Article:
PBT’s Top 10 NBA stories of 2014, No. 8: Kobe Bryant returns
He’s the NBA’s most divisive player — you love him or you hate him.
But you watch him.
Also, you have to respect his game. He’s going to retire soon with a career that will be looked back on as Top 10, Top 15 all time in the league (depending on who is doing the rankings).
Kobe Bryant returned to the court in 2014 after missing almost a full season battling injuries and the league is a better, more interesting with him in it. He’s been one of the most interesting story lines of the young season, even though the Lakers are terrible.
Kobe had been hinting about retirement back in 2013 before when he ruptured his Achilles, a devastating injury that oddly provided something he needed — an obstacle to overcome. A goal to focus on. There were people saying he couldn’t come back from that in his mid 30s, and nothing motivates Kobe like people telling him he can’t do something. He got back on the court for an entire six games last season before a knee injury ended that first comeback. But that just fueled his fire.
Bryant wanted to come back because he wanted to see how far he could push himself, what he could do at age 36 coming back off two major injuries. How far could he push himself, how far could he carry a rebuilding Lakers’ team?
He can push himself all the way back to averaging 24.1 points a game — fourth best in the NBA. He did it playing 35.4 minutes a game (14 most in the NBA) while using 35.8 percent of his team’s possessions when on the court (second highest in the NBA). Those are amazing numbers for a 26-year-old, let alone a 36-year-old. He pushed himself past Michael Jordan to become third on the NBA’s all-time scoring list. His footwork is still impeccable, his ability to get to his spots on the floor amazing. He is incredibly fundamentally sound.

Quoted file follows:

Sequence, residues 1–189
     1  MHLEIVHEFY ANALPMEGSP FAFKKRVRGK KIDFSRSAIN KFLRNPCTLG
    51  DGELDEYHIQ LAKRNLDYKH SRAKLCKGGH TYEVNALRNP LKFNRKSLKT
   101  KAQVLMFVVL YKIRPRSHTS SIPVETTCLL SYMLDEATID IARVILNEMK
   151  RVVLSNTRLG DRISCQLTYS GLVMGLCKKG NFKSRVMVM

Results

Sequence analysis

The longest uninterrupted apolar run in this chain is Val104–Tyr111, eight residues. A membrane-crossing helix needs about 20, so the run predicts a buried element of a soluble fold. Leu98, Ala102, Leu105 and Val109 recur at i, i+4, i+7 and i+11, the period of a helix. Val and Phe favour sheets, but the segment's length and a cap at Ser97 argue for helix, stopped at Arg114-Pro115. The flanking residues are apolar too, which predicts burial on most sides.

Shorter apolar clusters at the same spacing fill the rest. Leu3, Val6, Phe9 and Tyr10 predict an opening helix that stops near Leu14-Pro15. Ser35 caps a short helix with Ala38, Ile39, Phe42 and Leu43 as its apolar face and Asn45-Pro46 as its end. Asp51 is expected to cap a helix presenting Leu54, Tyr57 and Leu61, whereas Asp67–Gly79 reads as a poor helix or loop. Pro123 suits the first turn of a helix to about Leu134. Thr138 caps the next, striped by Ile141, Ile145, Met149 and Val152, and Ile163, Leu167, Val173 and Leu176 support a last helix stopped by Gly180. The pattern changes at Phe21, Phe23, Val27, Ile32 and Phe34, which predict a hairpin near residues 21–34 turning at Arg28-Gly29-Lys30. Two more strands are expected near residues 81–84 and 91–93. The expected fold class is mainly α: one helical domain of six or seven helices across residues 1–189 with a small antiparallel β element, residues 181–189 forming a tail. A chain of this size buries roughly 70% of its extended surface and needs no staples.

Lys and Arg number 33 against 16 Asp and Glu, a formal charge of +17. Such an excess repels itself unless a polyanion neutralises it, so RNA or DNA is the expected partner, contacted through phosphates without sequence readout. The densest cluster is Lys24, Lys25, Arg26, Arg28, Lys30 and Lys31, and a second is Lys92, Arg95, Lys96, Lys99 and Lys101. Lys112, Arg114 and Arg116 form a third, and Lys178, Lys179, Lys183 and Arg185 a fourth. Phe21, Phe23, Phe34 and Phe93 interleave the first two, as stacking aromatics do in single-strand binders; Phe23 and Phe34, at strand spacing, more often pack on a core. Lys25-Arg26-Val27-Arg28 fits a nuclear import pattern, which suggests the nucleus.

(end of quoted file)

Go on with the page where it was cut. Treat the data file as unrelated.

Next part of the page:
Of course, this is Kobe so those numbers and accolades come with controversy. With detractors.
Kobe has been far from the model of efficiency — he is shooting 37.2 percent overall and 24.5 percent from three. He has attempted more shots in the inefficient midrange (276) than he has in the paint, and he’s shooting just 38 percent on those. Of course, when he does get to the rim (106 shots in the restricted area) he’s not finishing, shooting just 50.9 percent.
What’s more, the Lakers have been predictable — and in the NBA that means defendable — when he has the ball. Kevin Ding of Bleacher Report said it best, coach Byron Scott had built a shrine to Kobe, not an offense. The Lakers have had better offensive numbers with him off the court (although the adjusted +/- stats have the Lakers as slightly better when Kobe is on the court). Kobe tends to pound the rock, either in the post or out on the perimeter, and when he gets it teammates don’t move or cut, they stand and watch. His shots are often contested — 93 percent of his midrange shots this season have been contested. When other teams send a double at Kobe he passes out quickly and smartly, and his teammates — mostly guys who need open looks to knock down shots — are getting open looks. The Lakers’ offense looks better. But left single covered Kobe tends to think he can still just beat his guy. Like 26-year-old Kobe.
All the load on his shoulders forced him to miss three games — including Christmas Day against the Bulls — to get rest and reset his body. Kobe’s not the kind of person who loves the idea of a Spurs-style maintenance program, but he seemed to have learned he needs one.
When asked recently if it was foreign for him to have to think about his body this much and in this way, he said, “Of course... It’s frustrating but I have to figure it out.”
On his return Sunday he promised to play a more patient game, and more patient with his body. We’ll see. He has matured as a person but changing his persona on the court is a different process. A harder one.
What we do know is that whether he is chucking up ill-advised shots or playing patiently, we can’t stop watching.
Kobe Bryant is a draw, a guy fans will likely vote in as an All-Star starter again this season (he is currently second in voting among Western Conference guards and is well ahead of third place James Harden).
He’s back. And the league is more interesting to watch with him in it.